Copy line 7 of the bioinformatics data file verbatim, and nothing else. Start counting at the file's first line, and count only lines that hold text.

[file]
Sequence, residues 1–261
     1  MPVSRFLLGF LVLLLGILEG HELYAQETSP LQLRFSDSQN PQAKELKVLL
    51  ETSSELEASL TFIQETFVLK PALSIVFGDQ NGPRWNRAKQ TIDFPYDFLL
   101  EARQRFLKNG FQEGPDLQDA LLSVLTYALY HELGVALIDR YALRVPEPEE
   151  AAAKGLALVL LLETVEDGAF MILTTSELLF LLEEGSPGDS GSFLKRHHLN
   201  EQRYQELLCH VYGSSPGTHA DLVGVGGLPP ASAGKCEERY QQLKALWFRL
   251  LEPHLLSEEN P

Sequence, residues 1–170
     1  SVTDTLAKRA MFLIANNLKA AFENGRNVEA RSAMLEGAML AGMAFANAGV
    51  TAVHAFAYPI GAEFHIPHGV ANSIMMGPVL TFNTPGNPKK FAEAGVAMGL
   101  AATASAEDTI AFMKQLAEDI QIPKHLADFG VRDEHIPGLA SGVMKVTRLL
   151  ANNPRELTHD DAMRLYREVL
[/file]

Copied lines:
   251  LEPHLLSEEN P